On the phone, Klaus Fluoride sounds every bit like the middle-aged man he is, now 25 years older than he was when he started playing bass for seminal San Francisco punk band Dead Kennedys. He is also a lot more grounded than you might expect, and just as fired up about politics, too.

What you don’t get from his slow, laid-back voice, though, is how he wears glasses with thick black indie-rock frames, or how he’s left a postage stamp-sized patch of grey hair beneath his lower lip — the only elements that hint that this semi-dorky dad has a history, and a present, that’s anywhere near cool.

But cool it is. And legendary. The band Fluoride (born Geoffrey Lyall) formed with East Bay Ray (Ray Peperrell ) and Jello Biafra (Eric Reed Boucher) in 1978 has been credited as one of the founding groups of punk rock, famous for intellectually political songs like California Uber Alles and Holiday in Cambodia, frontman Biafra’s mesmerizing, spasmodic stage presence and a constant swirl of controversy. And now reunited after their 1986 breakup, though without Biafra, Dead Kennedys continues to tour (though sometimes as DK Kennedys and sometimes with their original name) — and continues to sell out shows.

They’re even still releasing albums, though not anything new yet. After winning rights to the music following a bitter court battle with Biafra that kept them tied up for years, the band released Mutiny on the Bay, recordings from 1982 to 1986, and Live at the Deaf Club, live recordings from 1979. And last month, they released a remastered version of their 1980 album, Fresh Fruit for Rotting Vegetables, which was not only their first, but has since become a seminal album in the punk rock canon.

It may seem a bit strange that a band famous for its anti-corporate, noncommercial image would do something like rerelease an album — a move that seems gimmicky and profit-driven. But Fluoride said the group carefully weighed that concern.

“We don’t want to just put something out there for somebody to buy for no reason,” he said.

But Fluoride said there is a good reason to put out the album. First and foremost, technology is so much better now than it was in 1980. Fluoride likens the contrast to the difference between playing Pong on an Atari and playing Grand Theft Auto on an Xbox.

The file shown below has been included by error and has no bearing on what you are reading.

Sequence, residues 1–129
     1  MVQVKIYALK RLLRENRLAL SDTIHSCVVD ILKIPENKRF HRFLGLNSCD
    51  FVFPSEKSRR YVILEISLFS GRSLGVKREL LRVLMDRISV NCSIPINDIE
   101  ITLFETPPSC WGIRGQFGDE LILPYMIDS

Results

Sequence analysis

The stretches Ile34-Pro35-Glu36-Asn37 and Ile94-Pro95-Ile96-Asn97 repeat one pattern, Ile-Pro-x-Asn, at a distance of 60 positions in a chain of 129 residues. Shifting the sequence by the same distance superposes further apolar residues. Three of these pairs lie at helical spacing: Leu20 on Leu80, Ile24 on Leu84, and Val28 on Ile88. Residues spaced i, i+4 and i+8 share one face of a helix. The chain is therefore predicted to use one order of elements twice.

And Fluoride’s right — the sound quality on the new release is fantastic, and so different. For the casual listener, the contrast might be miniscule. But to the trained ear, the remastered version will sound crisper, cleaner, clearer and more textured than the old, gritty version we grew up on. There are notes in the introduction to Holiday for Cambodia, for example, that I didn’t even know existed until playing the rerelease. It’s also a bit slower, since the first version was recorded at the wrong speed. This version, says Fluoride, is how Fresh Fruit was intended.

Beyond the technology issue, there’s also the fact that this is the album’s 25th anniversary. And that it’s only been a few years since the band could legally release the album anyway. But even so, Fluoride & Co. didn’t want to release the CD all by itself; an extra bell or whistle, they figured, still wasn’t enough to justify a new purchase for fans. So they tried to think of what, if anything, they would want to see if they were fans — and what they came up with is the 56-minute documentary charting the Kennedys’ inception, including interviews with Fluoride, Ray, several music writers, the band’s former manager and Biafra’s ex-wife.

It’s easy to be skeptical about the DVD, too. Yes, DVD extras can be striking and informative, but most are just fluff — making money off what should have stayed on the cutting room floor. And moderate Dead Kennedys fans might consider this DVD just that. But die-hard DK fans, or those unfamiliar with the inner workings behind those big, menacing consonants, will love this addition, especially the live concert footage from the early days. Really, the only thing missing is footage of Biafra now, but Fluoride says the band did the best they could with that.

“He waffled, but ended up declining,” said Fluoride, who wouldn’t expand on Biafra’s reasons. “I’m not going to attempt to journey into the mind and the workings of what makes him do what he does.”